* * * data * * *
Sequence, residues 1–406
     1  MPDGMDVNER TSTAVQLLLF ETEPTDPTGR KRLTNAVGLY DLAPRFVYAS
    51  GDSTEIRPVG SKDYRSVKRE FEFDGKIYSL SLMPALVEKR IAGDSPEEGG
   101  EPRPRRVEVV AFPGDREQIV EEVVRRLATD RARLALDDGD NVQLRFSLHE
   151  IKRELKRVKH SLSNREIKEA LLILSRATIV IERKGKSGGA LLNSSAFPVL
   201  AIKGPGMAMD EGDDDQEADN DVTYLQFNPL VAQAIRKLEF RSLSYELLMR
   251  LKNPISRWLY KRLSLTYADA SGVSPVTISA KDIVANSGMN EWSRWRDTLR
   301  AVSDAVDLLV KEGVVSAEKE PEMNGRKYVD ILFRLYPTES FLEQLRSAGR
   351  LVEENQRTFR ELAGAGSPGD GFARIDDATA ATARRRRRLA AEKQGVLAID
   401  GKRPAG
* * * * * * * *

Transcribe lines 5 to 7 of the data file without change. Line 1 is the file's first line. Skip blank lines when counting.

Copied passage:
   151  IKRELKRVKH SLSNREIKEA LLILSRATIV IERKGKSGGA LLNSSAFPVL
   201  AIKGPGMAMD EGDDDQEADN DVTYLQFNPL VAQAIRKLEF RSLSYELLMR
   251  LKNPISRWLY KRLSLTYADA SGVSPVTISA KDIVANSGMN EWSRWRDTLR